A couple of years back, XHTML became the big new buzzword for webdevelopers and everyone (myself included) jumped on the bandwagon, converting all of their pages from HTML 4.01. However, what we didn’t realize at the time was that we were being lied to. And as a result, most everyone is still using it incorrectly.
Tommy over on the SitePoint blogs wrote a great summary of the entire topic. Here are a few facts.
- IE 6 and before don’t support XHTML. They pretend like they do, but they really are just rendering as HTML.
- IE 7 isn’t going to support it, either.
- If your page isn’t being served up with a header including a content type of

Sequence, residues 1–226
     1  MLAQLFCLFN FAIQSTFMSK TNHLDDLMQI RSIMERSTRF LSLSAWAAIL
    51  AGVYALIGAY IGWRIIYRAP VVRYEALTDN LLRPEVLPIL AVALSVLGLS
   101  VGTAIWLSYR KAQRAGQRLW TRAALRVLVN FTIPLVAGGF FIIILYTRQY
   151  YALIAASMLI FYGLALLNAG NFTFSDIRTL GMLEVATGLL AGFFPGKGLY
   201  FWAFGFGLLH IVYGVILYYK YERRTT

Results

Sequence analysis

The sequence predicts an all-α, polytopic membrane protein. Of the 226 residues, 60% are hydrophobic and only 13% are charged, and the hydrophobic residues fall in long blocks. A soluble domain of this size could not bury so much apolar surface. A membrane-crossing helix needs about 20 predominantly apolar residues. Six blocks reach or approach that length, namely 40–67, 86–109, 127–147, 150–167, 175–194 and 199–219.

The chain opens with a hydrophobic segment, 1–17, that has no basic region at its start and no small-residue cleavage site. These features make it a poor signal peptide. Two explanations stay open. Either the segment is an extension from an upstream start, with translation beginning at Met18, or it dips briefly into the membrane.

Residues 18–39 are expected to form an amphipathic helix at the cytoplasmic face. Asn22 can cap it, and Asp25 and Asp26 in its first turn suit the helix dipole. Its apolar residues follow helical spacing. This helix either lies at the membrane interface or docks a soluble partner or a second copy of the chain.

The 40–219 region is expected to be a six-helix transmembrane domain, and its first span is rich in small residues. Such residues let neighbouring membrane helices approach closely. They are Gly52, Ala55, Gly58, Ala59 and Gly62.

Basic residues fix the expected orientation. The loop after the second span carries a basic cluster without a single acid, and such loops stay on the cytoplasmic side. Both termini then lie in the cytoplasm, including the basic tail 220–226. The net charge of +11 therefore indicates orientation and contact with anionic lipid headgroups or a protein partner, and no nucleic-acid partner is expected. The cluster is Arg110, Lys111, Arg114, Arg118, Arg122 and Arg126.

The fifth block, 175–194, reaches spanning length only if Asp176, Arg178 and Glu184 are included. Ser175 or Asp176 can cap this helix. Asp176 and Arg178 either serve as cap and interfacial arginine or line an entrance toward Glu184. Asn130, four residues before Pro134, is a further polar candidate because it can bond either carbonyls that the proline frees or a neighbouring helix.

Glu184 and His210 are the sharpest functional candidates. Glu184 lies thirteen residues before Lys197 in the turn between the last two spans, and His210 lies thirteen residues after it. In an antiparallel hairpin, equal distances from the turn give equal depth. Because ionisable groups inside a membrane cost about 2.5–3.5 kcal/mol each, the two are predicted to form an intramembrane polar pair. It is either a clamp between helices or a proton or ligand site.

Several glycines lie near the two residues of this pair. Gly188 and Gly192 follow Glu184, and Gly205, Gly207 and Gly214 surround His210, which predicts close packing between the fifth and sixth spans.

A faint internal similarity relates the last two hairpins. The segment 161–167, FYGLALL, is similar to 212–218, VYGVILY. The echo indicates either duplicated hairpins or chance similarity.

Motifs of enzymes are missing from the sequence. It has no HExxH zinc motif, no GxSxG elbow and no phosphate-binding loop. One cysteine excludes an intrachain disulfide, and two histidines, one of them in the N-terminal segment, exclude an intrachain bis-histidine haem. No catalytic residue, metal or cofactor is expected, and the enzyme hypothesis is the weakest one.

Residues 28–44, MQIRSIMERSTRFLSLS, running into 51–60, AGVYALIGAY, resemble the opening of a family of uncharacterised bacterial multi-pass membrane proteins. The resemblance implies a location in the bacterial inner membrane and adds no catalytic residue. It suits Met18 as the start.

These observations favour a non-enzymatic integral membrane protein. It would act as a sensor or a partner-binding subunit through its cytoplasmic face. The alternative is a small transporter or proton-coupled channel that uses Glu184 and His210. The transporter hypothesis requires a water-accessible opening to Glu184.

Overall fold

Content-Type: application/xhtml+xml, it’s not really XHTML, and won’t be rendered as such. This can’t be done with a metatag – only the webserver can add this header.
So, in short, using XHTML is both wrong and impractical. So, if you’re going to use it, be aware that you’re either going to have to use it wrongly, or you’ll have to make your page effectively inaccessible to 90% of your users. Maybe in a few years, Microsoft will get around to supporting XHTML.